The Alzheimer Society of Ireland has a very useful factsheet on Driving and Dementia, which can be downloaded in full by clicking on this link: download.
There are three key steps you must take after you’ve been diagnosed with dementia, these are:
Step 1: inform your insurance company
Step 2: inform the Driving Licence service. www.ndls.ie
Step 3: Complete an “on road” driving assessment (only required in some cases)
The factsheet also outlines tips for driving safely, in the form of some do’s and don’ts.
- drive routes you are familiar with
- try to keep your journey short
- allow plenty of time to get to where you are going
- travel with someone else
- drive if you feel tired, stressed or upset
- drive at busy times, such as rush hour
- drive in bad weather
- drive at night
The decision whether to stop driving is also covered in the factsheet. You may decide to stop driving yourself. Or your doctor or your on-road assessor may state that you need to stop driving. This is a difficult step. Many people link driving to their independence and freedom. However, there are alternatives to driving yourself which can work very well.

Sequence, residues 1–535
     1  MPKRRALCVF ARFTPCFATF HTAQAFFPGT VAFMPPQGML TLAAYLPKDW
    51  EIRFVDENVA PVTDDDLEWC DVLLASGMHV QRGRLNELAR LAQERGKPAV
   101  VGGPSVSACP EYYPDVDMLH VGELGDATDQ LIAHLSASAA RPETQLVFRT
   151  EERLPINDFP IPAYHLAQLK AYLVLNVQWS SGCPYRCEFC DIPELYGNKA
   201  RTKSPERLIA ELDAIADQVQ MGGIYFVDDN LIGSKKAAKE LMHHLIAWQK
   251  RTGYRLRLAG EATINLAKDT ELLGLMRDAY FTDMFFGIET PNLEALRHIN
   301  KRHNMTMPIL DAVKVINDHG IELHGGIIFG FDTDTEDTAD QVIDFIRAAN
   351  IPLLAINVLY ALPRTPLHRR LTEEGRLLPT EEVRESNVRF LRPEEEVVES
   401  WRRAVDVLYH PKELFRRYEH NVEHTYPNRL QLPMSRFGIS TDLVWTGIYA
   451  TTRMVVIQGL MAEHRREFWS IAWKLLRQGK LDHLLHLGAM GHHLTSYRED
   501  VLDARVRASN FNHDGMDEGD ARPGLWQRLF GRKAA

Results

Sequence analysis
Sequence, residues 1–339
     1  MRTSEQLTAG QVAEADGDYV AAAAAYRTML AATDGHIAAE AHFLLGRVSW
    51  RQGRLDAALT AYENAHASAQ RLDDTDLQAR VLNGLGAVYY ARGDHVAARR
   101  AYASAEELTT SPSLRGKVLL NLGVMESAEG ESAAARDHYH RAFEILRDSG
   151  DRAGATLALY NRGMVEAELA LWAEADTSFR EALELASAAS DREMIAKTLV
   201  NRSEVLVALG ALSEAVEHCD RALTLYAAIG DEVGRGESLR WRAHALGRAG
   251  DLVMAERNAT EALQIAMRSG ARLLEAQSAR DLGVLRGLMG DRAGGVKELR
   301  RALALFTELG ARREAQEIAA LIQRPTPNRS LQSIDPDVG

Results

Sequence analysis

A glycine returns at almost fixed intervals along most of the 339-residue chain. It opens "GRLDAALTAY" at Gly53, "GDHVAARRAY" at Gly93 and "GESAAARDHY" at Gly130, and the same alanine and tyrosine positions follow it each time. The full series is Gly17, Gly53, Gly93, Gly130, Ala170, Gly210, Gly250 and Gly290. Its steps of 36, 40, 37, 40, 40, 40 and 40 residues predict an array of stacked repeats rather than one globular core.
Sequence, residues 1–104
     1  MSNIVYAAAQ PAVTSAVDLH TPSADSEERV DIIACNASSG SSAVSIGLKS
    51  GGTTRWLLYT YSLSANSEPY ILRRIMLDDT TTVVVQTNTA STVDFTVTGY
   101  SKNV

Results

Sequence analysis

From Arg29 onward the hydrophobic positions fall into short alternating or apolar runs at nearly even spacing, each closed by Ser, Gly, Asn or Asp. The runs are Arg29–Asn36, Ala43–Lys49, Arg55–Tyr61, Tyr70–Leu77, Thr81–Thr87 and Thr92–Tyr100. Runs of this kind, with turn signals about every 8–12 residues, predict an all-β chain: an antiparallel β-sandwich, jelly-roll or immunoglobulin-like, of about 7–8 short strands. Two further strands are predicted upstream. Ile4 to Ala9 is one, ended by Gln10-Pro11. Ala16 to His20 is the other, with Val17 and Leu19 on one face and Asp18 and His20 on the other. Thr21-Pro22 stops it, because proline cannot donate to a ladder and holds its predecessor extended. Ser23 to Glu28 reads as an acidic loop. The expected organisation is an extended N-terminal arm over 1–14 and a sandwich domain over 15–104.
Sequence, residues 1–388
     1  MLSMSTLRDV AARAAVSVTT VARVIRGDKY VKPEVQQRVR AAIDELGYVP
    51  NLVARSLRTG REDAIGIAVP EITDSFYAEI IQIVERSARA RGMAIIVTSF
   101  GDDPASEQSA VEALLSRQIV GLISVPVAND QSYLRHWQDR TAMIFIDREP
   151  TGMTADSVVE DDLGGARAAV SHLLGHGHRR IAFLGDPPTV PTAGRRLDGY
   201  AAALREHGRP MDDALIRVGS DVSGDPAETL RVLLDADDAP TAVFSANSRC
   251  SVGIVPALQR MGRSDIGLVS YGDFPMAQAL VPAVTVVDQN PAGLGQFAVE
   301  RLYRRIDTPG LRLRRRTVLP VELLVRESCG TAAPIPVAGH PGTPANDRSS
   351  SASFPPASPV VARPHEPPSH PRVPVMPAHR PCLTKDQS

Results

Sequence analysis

Finally there is some advice on How to Prepare for giving up driving. When you are still driving, you can begin to ease yourself out of driving. Use other forms of transport from time to time to get used to the idea. Remember, when you give up driving, you will not have the costs that come with owning a car, such as car insurance and car tax. You may even decide to sell your car. You can use these savings to pay for other ways of getting out and about. It might even be cheaper in the long run. It is important to try to keep getting out and visiting people and places that you enjoy. Giving up driving does not mean you have to give up everything.
Further information on Driving and Dementia can be obtained from Alzheimer Society of Ireland:
Freefone 1800 341 341